Column: Cat’s birthday a time for a little research

Credit: Contributed

Credit: Contributed

On Feb. 19, our beloved cat Pip celebrated his fifth birthday. Each year the day spurs me to read up on the stages of a cat’s life, so I know what to expect.

This year I learned experts now consider Pip a “mature adult.” Researchers believe he has settled into a predictable day-to-day routine that fits his personality, tastes, and family ranking.

By now, Pip knows our daily routines and has trained my husband, his dad and me how he wants us to “serve” him.

So every morning Pip knows Ed will feed him around 6. If Ed wants to sleep a little later, Pip jumps up and down on Dad and cries, with the frequency of each behavior increasing as Ed tries to ignore the demanding feline.

Next is a 2 p.m. lunch, usually with me. Around 1, the cat starts pacing around me, trying to jump in my lap, blocking my view of the computer screen. I swear Pip understands when I explain, “It’s too early, you have an hour to wait.”

Pip will leave the room but come back minutes later, screeching, “Is it time, yet?”

“No,” I respond.

“Great,” he responds back while trying to lead me to his food mat.

This dance goes back and forth until one of us gives up. As you’ve already guessed, it’s always me. I fill up his square-shaped mat that features different compartments to separate his chicken kibble, and this slows his eating. I put about three-fourths of his kibble in the mat and the rest in his kibble ball. Much like our dog Teddy’s Kong tumbler, it has small holes around it and Pip must push the ball to retrieve the kibble.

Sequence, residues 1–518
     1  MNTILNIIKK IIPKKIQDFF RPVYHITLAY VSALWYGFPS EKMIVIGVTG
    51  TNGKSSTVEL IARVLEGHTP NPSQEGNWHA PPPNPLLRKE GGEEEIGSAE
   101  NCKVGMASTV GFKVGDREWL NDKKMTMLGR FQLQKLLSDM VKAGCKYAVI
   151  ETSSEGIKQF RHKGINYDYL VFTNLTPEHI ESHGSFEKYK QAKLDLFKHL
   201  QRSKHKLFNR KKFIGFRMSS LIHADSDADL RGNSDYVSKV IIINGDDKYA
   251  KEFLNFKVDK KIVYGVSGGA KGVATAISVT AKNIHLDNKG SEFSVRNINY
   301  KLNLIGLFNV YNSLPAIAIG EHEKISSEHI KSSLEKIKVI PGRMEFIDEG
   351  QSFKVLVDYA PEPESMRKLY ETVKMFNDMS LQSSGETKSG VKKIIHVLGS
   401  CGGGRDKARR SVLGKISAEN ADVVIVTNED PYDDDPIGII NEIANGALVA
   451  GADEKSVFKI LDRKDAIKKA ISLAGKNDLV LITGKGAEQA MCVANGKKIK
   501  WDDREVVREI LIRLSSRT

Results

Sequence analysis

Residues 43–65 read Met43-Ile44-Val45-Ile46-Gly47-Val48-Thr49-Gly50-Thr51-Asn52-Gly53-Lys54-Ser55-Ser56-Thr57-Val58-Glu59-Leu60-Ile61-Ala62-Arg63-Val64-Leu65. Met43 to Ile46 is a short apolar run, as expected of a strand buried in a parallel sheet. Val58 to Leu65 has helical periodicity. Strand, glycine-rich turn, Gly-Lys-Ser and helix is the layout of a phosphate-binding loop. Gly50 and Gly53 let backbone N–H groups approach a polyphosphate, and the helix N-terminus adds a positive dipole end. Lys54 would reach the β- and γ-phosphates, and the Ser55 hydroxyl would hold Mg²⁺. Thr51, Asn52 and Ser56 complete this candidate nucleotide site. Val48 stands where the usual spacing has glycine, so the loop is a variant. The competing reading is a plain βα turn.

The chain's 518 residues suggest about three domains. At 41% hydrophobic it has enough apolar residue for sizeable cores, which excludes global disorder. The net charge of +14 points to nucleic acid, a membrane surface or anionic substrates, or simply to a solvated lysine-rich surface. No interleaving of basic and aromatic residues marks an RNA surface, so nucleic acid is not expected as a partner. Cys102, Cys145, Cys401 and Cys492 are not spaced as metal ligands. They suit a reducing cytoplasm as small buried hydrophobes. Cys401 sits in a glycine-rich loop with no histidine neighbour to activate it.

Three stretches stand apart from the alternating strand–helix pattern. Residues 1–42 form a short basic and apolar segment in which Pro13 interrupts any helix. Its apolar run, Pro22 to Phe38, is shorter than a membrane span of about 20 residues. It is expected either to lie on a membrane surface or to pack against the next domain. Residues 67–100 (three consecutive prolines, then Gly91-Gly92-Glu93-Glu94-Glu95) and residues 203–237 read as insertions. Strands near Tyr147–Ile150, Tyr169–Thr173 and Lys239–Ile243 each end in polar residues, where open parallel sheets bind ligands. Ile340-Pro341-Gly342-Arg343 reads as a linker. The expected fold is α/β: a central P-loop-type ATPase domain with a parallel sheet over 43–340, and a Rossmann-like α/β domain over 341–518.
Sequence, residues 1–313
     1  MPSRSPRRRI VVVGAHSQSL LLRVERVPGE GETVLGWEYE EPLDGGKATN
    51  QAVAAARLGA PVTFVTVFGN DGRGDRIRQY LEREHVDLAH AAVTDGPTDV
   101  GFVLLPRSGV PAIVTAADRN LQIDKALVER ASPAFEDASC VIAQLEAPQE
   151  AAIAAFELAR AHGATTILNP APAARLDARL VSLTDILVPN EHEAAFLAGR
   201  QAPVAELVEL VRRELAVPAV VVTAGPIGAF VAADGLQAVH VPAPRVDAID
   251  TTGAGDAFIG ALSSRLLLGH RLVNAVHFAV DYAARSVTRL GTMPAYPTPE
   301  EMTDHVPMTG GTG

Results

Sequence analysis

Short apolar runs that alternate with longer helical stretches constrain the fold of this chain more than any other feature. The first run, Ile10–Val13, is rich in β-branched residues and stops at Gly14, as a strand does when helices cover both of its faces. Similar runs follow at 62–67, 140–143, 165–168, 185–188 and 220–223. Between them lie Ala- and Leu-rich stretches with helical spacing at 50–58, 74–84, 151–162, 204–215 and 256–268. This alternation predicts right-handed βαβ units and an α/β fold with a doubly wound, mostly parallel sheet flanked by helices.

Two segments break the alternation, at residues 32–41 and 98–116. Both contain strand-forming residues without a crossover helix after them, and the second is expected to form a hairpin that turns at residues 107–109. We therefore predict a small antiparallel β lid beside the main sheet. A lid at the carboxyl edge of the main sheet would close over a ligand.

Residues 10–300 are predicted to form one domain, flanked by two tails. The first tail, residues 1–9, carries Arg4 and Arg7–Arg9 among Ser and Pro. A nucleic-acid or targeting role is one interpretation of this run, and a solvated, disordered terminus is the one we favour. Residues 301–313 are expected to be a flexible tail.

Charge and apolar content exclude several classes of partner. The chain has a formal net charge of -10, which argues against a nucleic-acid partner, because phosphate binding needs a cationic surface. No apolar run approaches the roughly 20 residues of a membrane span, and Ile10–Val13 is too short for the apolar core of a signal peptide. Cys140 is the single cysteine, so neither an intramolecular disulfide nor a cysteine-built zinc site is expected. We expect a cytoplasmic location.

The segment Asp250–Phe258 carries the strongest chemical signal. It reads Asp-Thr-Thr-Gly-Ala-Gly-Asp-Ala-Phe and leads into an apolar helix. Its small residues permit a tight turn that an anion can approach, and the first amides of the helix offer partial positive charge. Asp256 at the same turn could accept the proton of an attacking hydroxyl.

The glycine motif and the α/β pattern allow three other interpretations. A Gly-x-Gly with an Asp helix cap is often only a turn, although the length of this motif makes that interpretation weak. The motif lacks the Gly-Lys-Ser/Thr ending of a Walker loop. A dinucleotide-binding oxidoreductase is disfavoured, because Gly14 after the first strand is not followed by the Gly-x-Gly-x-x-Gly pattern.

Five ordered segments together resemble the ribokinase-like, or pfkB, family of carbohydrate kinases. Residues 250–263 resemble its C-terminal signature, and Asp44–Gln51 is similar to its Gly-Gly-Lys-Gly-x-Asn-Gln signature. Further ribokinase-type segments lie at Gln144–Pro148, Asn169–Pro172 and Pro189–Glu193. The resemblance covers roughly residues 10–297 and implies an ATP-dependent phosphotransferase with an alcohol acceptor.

I tell him to find me when he’s finished and get his food ball. And he always does.

Dinner is at 5 and we follow the same dance routine.

During the day there are also backyard walks with Dad and wand playing with me. The feline knows the time of day each activity takes place and loudly alerts us if we forget.

Pip knows if Ed and I go out there will be treats for him and Teddy when we get back.

And speaking of Teddy, when it comes to family order ranking, in Pip’s mind, Teddy is first, he is second, I’m third and Ed is pulling up the rear. Pip always defers to the canine.

Pip will move if Teddy needs to pass by, and when both are in the backyard, if Teddy starts barking, Pip considers it a warning and immediately heads back inside.

When reviewing the research, one medical issue caught my attention – cats’ teeth.

Sandra C. Mitchell, a veterinarian, writes in, “Almost 100% of cats will develop dental disease by the age of 5, so it’s an important issue to be aware of and address.”

Our cat before Pip, Abby, had an infected tooth that was at first missed by emergency veterinarians. We brought her in on a weekend because she had stopped eating, was lethargic and, overall, just wasn’t herself. Fortunately, the following Monday, her vet discovered the problem and removed the tooth.

Mitchell suggests brushing the cat’s teeth regularly.

Others also suggest dental treats and toys made to help reduce plaque.

So Happy Birthday, Pip, and one more year of a healthy, happy and definitely, fun-filled life.

Signs of dental issues in cats can include:

1. Reluctance to eat

2. Chewing on one side of their mouth

3. Dropping food when they eat‑health/signs‑cat‑is‑aging

Karin Spicer is a member of The Dog Writers Association of America. She lives with her family and two furry animals who inspire her. She can be reached at

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